The Expeditionary Force of Chasseurs, Poles and Foreign Legionnaires, originally assembled for service in Finland, stood ready for action. On 28 March, 1940, the Council, without enthusiasm, agreed to assemble a force in readiness to act against a possible German attack on Norway. Churchill expressed the hope that the German battle fleet, if it emerged, would be promptly engaged and decisively defeated. At this stage of the war the Allied command structure was inexperienced, unwieldy and complicated. In any organization where uncertainty exists, a form of leadership, either individual or collective, will emerge. In this case the Admiralty, with Churchill as First Lord, acted impulsively when intelligence reports confirmed that elements of the German fleet had left Kiel and other northern ports on 4 April. Orders were issued by the First Sea Lord, by-passing the Commander-in-Chief, Home Fleet.

The Admiralty continued to get intelligence reports of German naval activity in the Wilhelmshaven Roads, including a sighting by the RAF of the Gneisenau and the Scharnhorst. On 7 April the Admiralty sent a telegram to the Commander-in-Chief, Home Fleet:

Recent reports suggest a German expedition is being prepared; Hitler is reported from Copenhagen to have ordered unostentatious movement of one division in ten ships by night to land at Narvik, with simultaneous occupation of Jutland. Sweden to be left alone. Moderates said to be opposing the plan. Date given for arrival at Narvik was 8 April.

All these reports are of doubtful value and may well be only a further move in the war of nerves.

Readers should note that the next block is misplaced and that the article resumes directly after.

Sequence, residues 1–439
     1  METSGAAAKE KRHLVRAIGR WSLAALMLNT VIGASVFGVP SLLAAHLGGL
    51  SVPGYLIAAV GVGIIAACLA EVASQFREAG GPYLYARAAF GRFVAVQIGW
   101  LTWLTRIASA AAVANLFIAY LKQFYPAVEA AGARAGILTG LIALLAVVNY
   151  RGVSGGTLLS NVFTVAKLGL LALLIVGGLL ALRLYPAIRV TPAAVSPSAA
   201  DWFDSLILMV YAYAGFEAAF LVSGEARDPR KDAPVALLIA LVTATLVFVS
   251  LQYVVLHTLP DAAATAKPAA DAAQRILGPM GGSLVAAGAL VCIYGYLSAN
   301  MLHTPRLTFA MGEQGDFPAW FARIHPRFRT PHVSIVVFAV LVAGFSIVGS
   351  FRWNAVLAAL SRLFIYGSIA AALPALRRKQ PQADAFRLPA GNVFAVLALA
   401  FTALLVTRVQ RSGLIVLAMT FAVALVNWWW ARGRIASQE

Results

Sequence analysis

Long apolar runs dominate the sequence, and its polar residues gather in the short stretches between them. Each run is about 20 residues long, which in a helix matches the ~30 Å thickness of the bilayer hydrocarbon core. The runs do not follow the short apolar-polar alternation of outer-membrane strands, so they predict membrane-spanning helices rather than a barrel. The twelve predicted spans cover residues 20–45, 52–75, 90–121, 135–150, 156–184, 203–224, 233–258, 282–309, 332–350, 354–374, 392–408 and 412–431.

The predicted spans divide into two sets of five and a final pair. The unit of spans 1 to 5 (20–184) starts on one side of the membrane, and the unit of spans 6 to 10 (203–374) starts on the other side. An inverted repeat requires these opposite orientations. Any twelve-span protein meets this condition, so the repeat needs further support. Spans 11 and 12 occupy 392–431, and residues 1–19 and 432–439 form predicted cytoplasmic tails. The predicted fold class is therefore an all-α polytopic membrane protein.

In fact the first two groups of German warships had left port and at 8 p.m. on 7 April were off the Norwegian coast between Egersund and Bergen. Within twenty-four hours HMS Glowworn had been sunk and the long-awaited encounter with the German fleet had begun.

The British plan R4 was abandoned. New dispositions, both naval and military, were set in motion. The four cruisers lying at Rosyth, packed with troops for Bergen and Stavanger, hastily disembarked the soldiers and sailed north to rejoin the fleet. The proposed frontal attack on Trondheim was off and the third phase of the minelaying operation in the Leads was abandoned.

This critical step, which involved the abandonment of a carefully considered military expedition, seems to have been taken by the Admiralty independently and to the surprise of the Prime Minister. The First Sea Lord issued the order; the Commander-in-Chief, Home Fleet, who already had superior forces at his disposal, was not consulted. Thus the measures adopted to secure the traditional object of a decisive encounter at sea, which was not secured, deprived us of our last chance to restore the position on land.

The forces earmarked for Norway were again re-shuffled. The 24th Guards Brigade, made up of the 1st Scots Guards, 1st Irish Guards and 2nd South Wales Borderers, were still in the Clyde, awaiting sailing instructions. This Regular Brigade was experienced and well trained, having seen service in either the Palestine ‘troubles’ or the insurrections on the North-West Frontier of India. It was commanded by Brigadier the Hon. W. Fraser, and destined for Narvik.